“Growth accelerated in the first half of 2016 to 2.7% year-on-year, and consumer confidence has risen sharply, exceeding the European Union average in recent months and supporting strong private consumption growth,” the EBRD, which holds a 5% shareholding in Bank of Cyprus and a 5.4% stake in Hellenic Bank said in a statement on its website on Thursday.
The EBRD which in May forecast a 1.7% growth rate for 2016 and 2% for next year, said that the high level of private and public debt combined with a non-performing loans ratio of roughly half of total loans in the banking system, “continue to constrain growth”.
“Gross fixed capital formation was also a major positive contributor, although this was to some extent neutralised by the negative contribution from the change in inventories,” the bank which in 2014 earmarked a total of €700m of funds for Cyprus. “The more dynamic economy had positive spill-overs on the labour market, as the unemployment rate has begun to fall, reaching 12% in mid-2016 compared with the 2014 peak of 16.3%”.
According to the bank’s website, it has so far invested in Cyprus €170m. Investment in financial institutions account for 88% of its overall investment, while energy and infrastructure projects absorbed 6% each.
“Fiscal performance has also been strong, with the fiscal deficit falling to just 1% of gross domestic product in 2015,” the London-based bank said. “Nevertheless, general government debt is still high, exceeding 100% of GDP at the end of 2015”.
The EBRD, which was initially set up to facilitate transition economies in 1990 following the end of the Cold War, said that the decision of British voters to leave the EU in a referendum in June could impact the performance of economies of the EBRD-region which extends from the Baltics via Central and East Europe to the Balkans and from Northwest Africa to Russia, Kazakhstan and Mongolia, could impact economic performance in countries it operates.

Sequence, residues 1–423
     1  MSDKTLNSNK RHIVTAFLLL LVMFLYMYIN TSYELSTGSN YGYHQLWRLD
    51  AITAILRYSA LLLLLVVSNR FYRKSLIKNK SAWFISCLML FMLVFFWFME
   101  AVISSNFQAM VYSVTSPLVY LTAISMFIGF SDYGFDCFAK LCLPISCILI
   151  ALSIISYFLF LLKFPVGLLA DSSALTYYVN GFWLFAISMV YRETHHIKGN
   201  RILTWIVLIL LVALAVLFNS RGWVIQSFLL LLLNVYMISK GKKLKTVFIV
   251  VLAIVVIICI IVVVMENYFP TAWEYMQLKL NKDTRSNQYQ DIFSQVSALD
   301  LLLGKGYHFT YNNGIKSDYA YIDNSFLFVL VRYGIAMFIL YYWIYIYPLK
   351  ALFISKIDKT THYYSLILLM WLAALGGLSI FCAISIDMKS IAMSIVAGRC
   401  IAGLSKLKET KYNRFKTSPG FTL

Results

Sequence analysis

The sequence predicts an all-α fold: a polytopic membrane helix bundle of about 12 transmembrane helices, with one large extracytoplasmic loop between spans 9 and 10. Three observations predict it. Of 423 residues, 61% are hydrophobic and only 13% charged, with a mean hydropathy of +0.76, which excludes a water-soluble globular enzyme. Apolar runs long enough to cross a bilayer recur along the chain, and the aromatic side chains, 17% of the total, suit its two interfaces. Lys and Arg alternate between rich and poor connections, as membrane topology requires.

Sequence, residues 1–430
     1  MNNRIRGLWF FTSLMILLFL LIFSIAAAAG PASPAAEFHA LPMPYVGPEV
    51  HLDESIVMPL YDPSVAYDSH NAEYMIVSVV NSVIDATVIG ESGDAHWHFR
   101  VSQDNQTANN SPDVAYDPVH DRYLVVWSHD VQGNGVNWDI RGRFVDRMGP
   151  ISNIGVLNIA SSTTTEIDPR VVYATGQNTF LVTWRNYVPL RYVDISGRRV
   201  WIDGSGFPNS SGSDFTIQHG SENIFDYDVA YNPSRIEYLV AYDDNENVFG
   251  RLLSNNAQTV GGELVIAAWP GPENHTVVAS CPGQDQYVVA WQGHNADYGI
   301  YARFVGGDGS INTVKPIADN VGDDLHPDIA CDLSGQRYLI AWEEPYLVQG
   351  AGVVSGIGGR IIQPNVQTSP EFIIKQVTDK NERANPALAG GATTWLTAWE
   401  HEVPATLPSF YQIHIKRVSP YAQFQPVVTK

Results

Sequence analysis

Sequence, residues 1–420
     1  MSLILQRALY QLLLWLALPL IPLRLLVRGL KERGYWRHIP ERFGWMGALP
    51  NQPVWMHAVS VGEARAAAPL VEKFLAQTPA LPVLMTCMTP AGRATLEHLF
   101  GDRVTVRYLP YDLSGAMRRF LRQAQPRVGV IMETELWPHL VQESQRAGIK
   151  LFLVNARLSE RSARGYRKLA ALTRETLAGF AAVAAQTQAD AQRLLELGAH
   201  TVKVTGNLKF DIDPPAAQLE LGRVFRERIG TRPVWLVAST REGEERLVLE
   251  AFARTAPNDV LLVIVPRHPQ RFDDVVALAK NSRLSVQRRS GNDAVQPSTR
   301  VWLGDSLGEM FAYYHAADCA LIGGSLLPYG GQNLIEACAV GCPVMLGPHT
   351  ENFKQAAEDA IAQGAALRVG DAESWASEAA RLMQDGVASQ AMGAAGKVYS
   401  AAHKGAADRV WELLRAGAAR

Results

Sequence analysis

“A greater impact on the region’s economic performance may materialise through the potential adverse impact of UK’s exit on other EU economies, which in turn may depend on the impact of the UK referendum on domestic politics and the reform momentum in individual member states,” it said. “In the longer term, a lower EU budget following the UK’s departure may result in reductions in the EU structural funds available to the new EU member states, and in pre-accession funds to candidate and potential candidate countries”.
The EBRD said that the tourism industry in Cyprus, Croatia, Montenegro and recently also Greece, had been benefiting from geopolitical tensions, attacks and the refugee crisis which affected other areas the lender operates such as Egypt, Tunisia and Turkey.
Source: Cyprus Mail